A Walk on the Wild Side
With Chicago's Toughest Bluesman
Son Seals: Profile & Interview
By Zak Mucha
Originally published in Gallery Magazine, January 2000
Visitors fill Seals' dressing room before the show. Introductions are made and gossip of mutual acquaintances begins while career plans and business cards are passed around. Bits of conversation peak and drift back to the floor. Seals listens and nods from beneath his black hat. When someone comes down to announce the drummer is still missing, Seals is unfazed by the news. The drummer will show.
Son Seals turns to one of the visitors, a beautiful girl, and asks what she does for a living. His voice is a baritone growl that doesn't travel farther than necessary. The girl smiles and begins chatting easily. Later, the girl would recall how charming she found Seals. "Just the way he listened," she said dreamily. It's not an isolated incident. Another woman cooed after meeting Seals, "Did you see his hands? I love the way he holds his cigarette."
When showtime is announced, Seals hooks his crutches under his arms and takes the stairs up to the main floor. Settled on a barstool at center stage with his guitar in his lap, Seals nods to the band and they take off. Now his voice booms through the club, deep and rolling. The band holds the song tightly while Seals begins picking flourishes with a sharp fluidity, building momentum and then releasing, shifting gears the way a good driver can without disrupting the ride.
Throughout the set, Seals points and encourages the horns or the piano as they take their solos or clamp down on the riff. "That's all right!" he cheers, enjoying the show as much as anyone in the audience. Son Seals should know what's "all right," since he was probably listening to the blues in the womb.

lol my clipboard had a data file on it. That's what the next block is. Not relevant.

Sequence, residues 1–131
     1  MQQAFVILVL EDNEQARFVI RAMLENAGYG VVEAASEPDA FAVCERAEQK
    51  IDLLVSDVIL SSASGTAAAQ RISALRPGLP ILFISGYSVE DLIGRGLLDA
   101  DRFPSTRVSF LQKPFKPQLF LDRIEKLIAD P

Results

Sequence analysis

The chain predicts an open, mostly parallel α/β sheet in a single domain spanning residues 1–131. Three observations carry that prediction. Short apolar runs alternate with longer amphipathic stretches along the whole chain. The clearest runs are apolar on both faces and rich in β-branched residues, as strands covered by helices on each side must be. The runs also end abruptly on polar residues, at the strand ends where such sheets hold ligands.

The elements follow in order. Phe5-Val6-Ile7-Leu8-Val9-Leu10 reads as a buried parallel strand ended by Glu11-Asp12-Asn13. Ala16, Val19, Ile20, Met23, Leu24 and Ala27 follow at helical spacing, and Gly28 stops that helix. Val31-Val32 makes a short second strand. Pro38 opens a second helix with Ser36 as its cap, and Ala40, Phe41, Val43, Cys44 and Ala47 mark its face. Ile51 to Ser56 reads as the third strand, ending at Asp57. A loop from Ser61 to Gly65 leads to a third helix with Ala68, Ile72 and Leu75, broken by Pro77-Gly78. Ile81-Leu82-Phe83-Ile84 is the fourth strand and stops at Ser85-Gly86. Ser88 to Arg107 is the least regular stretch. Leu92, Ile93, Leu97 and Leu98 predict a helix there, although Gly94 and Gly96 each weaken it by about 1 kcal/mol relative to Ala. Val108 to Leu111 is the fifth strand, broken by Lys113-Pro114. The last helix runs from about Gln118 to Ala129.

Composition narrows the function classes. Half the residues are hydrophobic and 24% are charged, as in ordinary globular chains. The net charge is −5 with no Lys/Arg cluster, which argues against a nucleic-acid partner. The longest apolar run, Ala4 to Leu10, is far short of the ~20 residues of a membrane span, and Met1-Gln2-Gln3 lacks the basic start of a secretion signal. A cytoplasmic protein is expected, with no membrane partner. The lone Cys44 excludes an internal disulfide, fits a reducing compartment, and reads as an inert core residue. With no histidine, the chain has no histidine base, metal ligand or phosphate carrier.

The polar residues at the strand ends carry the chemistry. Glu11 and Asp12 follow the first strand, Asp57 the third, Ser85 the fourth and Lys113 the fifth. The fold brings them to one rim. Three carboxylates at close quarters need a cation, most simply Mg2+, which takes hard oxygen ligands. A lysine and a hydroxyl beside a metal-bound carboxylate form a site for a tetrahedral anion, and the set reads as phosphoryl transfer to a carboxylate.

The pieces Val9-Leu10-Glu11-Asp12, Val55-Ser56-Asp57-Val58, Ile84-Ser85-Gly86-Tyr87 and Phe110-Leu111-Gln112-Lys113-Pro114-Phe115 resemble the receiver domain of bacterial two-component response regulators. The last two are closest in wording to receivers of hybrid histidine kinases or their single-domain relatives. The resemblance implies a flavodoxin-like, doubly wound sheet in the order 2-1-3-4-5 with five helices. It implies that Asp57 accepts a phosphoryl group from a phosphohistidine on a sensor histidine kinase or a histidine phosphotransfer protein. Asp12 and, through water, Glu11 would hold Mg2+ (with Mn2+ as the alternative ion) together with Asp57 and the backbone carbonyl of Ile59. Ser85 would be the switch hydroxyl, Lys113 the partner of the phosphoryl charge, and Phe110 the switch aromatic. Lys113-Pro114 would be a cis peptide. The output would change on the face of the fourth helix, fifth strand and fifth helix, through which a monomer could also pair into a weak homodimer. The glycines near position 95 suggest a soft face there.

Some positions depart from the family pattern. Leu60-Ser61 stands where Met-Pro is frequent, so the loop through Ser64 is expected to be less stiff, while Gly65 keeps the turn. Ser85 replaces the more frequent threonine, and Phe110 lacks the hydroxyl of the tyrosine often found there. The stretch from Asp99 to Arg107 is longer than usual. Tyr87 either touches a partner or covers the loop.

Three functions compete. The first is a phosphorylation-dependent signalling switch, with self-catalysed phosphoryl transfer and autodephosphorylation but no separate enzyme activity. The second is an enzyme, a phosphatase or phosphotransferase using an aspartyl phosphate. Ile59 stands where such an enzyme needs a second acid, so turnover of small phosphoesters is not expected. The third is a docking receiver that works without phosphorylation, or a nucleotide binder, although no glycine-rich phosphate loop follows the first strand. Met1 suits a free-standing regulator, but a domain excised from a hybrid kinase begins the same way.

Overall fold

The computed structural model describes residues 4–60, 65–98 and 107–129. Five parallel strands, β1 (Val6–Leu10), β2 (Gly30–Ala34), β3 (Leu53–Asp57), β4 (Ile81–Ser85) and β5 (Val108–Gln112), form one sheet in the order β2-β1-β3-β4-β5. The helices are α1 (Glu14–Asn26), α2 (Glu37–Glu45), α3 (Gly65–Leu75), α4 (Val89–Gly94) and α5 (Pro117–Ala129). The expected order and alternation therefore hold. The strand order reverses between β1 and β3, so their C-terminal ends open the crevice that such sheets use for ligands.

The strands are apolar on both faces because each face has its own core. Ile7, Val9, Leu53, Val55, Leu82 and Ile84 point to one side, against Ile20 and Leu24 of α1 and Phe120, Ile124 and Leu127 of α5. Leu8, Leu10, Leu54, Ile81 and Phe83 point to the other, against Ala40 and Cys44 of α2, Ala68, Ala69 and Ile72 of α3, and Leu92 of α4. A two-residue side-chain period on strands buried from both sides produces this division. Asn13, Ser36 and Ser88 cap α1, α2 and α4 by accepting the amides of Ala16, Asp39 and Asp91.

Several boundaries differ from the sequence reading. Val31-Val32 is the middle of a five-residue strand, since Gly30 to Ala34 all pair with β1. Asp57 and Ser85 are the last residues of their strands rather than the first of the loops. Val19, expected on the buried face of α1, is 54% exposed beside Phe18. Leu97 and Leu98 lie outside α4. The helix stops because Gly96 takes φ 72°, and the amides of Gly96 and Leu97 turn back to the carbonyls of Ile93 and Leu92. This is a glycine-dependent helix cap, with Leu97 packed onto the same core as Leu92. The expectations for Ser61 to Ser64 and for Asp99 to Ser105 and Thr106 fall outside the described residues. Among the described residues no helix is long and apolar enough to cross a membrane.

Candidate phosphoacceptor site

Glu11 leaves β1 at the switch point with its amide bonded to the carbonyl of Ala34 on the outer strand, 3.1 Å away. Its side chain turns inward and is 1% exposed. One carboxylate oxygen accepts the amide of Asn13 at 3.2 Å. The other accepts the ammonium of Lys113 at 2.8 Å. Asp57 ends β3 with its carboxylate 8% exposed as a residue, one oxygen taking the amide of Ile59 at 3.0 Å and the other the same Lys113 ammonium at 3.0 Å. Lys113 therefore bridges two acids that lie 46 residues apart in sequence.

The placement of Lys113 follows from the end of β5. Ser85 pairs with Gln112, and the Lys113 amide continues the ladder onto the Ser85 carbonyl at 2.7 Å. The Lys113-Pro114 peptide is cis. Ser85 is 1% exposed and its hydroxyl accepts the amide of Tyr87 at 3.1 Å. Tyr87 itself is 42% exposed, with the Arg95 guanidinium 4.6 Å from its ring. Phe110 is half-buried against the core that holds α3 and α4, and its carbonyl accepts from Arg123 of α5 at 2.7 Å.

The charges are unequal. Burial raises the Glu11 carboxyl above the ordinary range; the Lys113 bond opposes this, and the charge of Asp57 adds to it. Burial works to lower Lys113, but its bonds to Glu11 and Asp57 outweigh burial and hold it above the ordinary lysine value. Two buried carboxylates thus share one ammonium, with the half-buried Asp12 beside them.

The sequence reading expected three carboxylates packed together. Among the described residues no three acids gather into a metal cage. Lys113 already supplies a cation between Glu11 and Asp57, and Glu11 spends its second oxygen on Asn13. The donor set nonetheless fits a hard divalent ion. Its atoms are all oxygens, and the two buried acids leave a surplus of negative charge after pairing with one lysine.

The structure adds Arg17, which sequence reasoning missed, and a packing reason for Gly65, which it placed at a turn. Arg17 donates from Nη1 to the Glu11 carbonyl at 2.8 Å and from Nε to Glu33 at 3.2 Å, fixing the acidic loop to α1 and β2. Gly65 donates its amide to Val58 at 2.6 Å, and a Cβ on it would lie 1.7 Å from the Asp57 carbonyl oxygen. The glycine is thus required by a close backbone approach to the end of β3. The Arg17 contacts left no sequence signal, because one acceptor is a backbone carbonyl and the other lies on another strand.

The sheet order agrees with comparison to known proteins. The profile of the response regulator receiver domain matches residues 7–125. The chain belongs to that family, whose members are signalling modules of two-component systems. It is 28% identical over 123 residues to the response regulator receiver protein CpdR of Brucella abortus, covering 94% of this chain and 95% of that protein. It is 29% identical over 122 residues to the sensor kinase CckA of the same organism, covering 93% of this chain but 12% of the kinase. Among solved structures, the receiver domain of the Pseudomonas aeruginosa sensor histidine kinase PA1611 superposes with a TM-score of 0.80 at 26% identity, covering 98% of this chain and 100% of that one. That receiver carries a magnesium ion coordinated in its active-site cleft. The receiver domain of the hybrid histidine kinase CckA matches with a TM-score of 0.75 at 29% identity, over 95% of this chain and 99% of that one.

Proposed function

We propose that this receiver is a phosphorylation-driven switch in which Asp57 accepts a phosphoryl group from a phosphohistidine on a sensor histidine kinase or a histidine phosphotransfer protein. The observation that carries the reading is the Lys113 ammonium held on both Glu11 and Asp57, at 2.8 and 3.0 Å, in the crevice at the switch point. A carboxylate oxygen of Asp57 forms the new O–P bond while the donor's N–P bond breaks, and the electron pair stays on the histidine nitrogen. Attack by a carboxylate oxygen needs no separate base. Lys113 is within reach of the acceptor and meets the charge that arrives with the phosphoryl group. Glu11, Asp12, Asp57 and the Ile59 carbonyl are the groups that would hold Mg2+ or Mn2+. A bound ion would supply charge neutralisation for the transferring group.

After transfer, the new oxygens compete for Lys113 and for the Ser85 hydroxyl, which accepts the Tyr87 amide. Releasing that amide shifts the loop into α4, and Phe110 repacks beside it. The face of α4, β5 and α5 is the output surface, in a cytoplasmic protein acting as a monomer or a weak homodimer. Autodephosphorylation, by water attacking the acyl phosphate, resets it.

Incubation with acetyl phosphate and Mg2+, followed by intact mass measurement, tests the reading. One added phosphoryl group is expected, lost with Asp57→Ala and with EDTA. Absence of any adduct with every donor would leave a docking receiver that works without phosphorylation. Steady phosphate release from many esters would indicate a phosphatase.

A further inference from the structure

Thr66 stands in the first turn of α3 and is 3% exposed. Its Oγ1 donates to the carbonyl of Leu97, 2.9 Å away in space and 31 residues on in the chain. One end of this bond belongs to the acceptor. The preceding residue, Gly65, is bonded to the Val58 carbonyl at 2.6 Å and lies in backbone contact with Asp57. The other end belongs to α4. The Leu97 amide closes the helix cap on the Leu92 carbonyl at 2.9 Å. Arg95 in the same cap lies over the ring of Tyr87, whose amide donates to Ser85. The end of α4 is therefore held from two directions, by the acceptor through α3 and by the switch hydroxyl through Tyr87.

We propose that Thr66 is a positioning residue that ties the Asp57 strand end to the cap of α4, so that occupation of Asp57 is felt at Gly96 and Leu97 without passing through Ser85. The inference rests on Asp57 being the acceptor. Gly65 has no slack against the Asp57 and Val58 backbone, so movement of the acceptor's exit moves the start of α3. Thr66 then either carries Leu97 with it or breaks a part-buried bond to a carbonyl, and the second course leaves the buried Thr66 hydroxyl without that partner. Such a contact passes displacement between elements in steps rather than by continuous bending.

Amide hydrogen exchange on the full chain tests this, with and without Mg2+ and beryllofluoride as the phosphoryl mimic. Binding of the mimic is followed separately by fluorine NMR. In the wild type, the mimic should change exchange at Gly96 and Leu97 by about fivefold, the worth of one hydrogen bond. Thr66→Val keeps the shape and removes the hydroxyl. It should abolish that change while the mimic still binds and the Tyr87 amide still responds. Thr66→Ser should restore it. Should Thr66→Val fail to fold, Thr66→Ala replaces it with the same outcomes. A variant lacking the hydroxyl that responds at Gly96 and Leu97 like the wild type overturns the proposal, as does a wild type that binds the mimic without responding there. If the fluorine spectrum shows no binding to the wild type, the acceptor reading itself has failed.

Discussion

Frank "Son" Seals was born in Osceola, Arkansas in 1942. His father, after years of playing with the Rabbit Foot Minstrels, settled down and bought his own club, the Dipsy Doodle. "It was connected to the house," Seals says. "You'd come through, and the first thing you hit is the gambling room. Dice and cards. . . Living there, I didn't go to bed all the time when I was supposed to." Son had to sneak through the kitchen and out to the dance floor, ducking knees and hips. "I was a little guy," he smiles, "and people'd be dancing and I'd start pulling on somebody's pant leg. I couldn't see the stage. Somebody'd grab me and pick me up on their shoulders so I could watch the show."
Bluesmen heading north to Memphis followed the circuit to the Dipsy Doodle and other Arkansas clubs that were surrounded by cotton fields 40 years ago:
Mason Hall, Rocket 88 and a joint in Birdsong where a guy named Slackbritches organized Sunday baseball games that pulled B.B. King out onto the field. The Casablanca drew all the big names—Muddy Waters, Howling Wolf—across the state line, and a man named Pigtails ran a club called the Big Apple. "That place started out not much bigger than this room," Seals recalls fondly, "but Pigtails kept building on it until it was halfway across the cotton field. It was the biggest place I ever saw."
Son Seals knew the land between the clubs. "I remember chopping cotton," he says, "when they first started off the season for $2.50 a day. You started before you could barely see daylight. You'd chop cotton from sun-up to almost sundown. Then they call you in, you get back on the truck, bring you to town and you line up and get your $2.50."
Seals had a chance to reminisce a little when he played the White House in September. "Clinton knew all about it," Seals laughs. "He knew my hometown, he named all the towns right down the highway. He was from a small town himself."
By the time Seals was 13, he was drumming regularly behind anyone who played at the Dipsy Doodle and thinking more and more of playing guitar. Seals' father taught him how to play, keeping him focused on one chord for hours when he'd have rather been riffing up and down the neck. "Until I could feel it in my sleep," says Seals. "I'd get up the next morning, grab the guitar and I'd be right on that chord."